Go back to article: Visualising electricity demand: use and users of a 3D chart from the 1950s

Conclusions

Complete knowledge of the use and users of this 3D chart of electricity demand will always remain elusive, as there is likely to have been a multitude over its sixty-year lifespan. Our close inspection of the object through a dual methodology, and the use of this analysis to inform archival research, enabled us to generate three possible roles for the object at the time of its construction, and these were in part borne out by the evidence. We hope that this case study demonstrates the value of collecting, and studying, objects and archives in parallel, and from different disciplinary perspectives.

Key questions remain, that were not answered by our research in this instance. Why did the North-Western Area Board choose to produce a load model for this region in these years? Was it timed to coincide with the significant changes in pricing policy? What exactly was it used for, and by whom? The data was not stratified by the principal classes of consumer, but it did reveal some of the everyday practices of which the demand was likely to have been constituted. Why was this particular model retained? It is likely that other research methods would be needed to answer these questions, such as oral history interviews of electricity supply industry employees, as the archive records are not currently catalogued to the degree needed to pinpoint this specific work, by a specific Area Board, at a specific time.

A noteworthy finding is that the ERA report also documented an interest in the data for legacy. The cards were to be stored as an historical record, and this goes some way to explaining why it was retained by the CEGB for long enough to become part of MSI’s collection, with an interpretation panel added to the object somewhere along the way. This begins to illuminate some of the layers of use inherent in the object’s lifespan: as a tool for informing the work (and business) of the electricity supply industry; as an historical record of data; as a demonstration or instructional object; and as a heritage object in a museum collection.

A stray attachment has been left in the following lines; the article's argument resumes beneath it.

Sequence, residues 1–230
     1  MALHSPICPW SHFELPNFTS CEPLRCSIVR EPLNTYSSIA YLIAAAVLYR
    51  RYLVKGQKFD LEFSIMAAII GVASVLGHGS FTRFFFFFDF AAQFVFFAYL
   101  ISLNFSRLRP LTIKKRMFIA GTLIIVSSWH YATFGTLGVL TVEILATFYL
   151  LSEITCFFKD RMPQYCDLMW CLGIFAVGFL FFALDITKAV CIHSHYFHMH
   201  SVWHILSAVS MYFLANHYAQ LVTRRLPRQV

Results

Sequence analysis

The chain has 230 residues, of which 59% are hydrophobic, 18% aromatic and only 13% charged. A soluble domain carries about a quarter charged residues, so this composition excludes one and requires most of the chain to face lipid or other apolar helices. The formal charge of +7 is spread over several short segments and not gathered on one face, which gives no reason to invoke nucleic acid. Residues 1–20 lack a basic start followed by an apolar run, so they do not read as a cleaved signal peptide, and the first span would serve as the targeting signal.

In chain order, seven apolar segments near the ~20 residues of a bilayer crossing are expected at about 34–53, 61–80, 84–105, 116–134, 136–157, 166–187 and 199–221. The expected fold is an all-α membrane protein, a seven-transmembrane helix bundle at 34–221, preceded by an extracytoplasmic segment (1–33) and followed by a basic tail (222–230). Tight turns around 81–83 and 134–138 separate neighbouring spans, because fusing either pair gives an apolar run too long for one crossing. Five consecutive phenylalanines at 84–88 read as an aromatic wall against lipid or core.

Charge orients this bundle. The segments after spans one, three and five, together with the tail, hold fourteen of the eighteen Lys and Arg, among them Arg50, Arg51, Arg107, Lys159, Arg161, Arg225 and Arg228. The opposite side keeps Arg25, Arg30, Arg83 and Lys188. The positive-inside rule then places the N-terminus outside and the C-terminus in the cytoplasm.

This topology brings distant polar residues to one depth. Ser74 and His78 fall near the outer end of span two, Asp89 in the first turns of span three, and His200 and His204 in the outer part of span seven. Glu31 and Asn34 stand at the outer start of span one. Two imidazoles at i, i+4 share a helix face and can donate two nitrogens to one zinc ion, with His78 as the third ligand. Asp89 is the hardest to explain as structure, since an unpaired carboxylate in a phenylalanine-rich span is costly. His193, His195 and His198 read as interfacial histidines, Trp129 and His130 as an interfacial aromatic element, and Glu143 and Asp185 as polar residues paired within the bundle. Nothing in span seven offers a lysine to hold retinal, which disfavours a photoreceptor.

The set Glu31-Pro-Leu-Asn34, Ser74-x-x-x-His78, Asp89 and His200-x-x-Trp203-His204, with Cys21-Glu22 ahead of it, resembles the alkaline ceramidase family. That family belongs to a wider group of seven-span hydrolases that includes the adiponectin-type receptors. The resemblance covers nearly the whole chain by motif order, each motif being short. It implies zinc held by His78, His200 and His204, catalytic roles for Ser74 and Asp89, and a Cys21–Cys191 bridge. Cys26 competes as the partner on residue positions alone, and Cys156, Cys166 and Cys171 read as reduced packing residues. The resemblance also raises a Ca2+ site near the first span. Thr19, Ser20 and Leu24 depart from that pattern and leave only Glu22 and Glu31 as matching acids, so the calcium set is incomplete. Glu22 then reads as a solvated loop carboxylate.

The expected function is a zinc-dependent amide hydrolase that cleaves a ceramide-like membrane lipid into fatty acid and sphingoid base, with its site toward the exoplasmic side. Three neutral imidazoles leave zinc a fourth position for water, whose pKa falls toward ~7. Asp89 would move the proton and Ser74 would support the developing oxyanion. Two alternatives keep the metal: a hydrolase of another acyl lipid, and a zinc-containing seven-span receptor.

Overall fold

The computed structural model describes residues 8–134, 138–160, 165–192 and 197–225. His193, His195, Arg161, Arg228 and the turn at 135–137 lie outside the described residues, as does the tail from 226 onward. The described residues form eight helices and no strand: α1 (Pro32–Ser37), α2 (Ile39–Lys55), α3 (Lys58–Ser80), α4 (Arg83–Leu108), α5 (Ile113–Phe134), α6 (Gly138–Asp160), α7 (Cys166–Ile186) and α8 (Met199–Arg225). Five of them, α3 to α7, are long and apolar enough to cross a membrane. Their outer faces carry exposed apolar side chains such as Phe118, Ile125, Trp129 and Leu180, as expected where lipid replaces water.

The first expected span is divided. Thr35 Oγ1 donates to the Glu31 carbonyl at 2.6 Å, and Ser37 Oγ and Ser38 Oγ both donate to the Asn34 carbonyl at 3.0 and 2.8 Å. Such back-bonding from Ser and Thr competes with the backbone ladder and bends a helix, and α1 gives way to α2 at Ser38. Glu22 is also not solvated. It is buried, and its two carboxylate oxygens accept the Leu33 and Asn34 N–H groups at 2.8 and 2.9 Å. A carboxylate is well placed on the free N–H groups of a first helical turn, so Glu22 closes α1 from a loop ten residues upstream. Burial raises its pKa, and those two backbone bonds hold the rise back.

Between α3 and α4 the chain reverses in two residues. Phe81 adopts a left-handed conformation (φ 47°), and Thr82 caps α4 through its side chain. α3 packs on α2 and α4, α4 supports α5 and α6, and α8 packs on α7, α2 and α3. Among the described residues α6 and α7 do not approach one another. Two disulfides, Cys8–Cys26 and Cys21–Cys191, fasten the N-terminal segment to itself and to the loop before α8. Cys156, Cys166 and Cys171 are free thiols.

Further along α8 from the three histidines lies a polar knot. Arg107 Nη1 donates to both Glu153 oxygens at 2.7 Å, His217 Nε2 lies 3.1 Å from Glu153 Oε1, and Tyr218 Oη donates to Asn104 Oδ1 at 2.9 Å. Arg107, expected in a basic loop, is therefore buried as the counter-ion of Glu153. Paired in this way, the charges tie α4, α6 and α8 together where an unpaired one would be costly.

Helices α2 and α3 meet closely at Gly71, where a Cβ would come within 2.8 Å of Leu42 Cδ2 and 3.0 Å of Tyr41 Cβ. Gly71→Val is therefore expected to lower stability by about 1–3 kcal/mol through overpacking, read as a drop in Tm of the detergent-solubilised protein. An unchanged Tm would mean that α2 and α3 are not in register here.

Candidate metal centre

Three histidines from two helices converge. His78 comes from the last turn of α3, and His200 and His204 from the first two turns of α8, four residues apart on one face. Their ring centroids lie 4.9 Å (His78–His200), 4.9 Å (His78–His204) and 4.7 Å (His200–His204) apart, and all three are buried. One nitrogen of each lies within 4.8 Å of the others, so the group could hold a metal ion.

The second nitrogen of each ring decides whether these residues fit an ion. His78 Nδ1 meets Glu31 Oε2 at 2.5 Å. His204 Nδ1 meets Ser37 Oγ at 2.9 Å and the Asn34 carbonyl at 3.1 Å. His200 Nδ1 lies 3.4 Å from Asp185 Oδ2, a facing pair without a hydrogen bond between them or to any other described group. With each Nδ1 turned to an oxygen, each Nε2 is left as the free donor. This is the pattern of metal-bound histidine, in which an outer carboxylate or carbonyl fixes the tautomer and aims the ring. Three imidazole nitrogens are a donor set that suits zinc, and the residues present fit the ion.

The object remains important as a tangible record of past practice, both of the electricity supply industry and its consumers. We have managed to read this record by delving into the history of Manchester’s electricity development, and the archival evidence about the use and development of 3D load models. Objects such as this can be revealing in terms of the larger history of energy supply and consumption because they represent the practice of the time. The object tells us – and further prompts us to think about – stories about demand over time, and in time, and how our practices of everyday life constitute this demand. For this reason, they should be looked at carefully. It is also pleasing that the size, colour and tactile character of the object make it appealing to today’s museum audiences, and in the Spark of Life exhibition we have taken the opportunity to share these stories. Now perhaps we can offer our audiences a new interpretation: of the object as a tool, as well as historical data.

 

Acknowledgements
We are grateful to colleagues who offered comments and suggestions on work-in-progress at the Material Practices of Energy Consumption workshop (15 September 2016), DEMAND seminar (16 November 2016), and Science Museum Group Research Conference (23–24 November 2017).

This work was supported by the Engineering and Physical Sciences Research Council [grant
number EP/K011723/1] as part of the RCUK Energy Programme and by EDF as part of the R&D ECLEER Programme.

Component DOI: http://dx.doi.org/10.15180/180905/006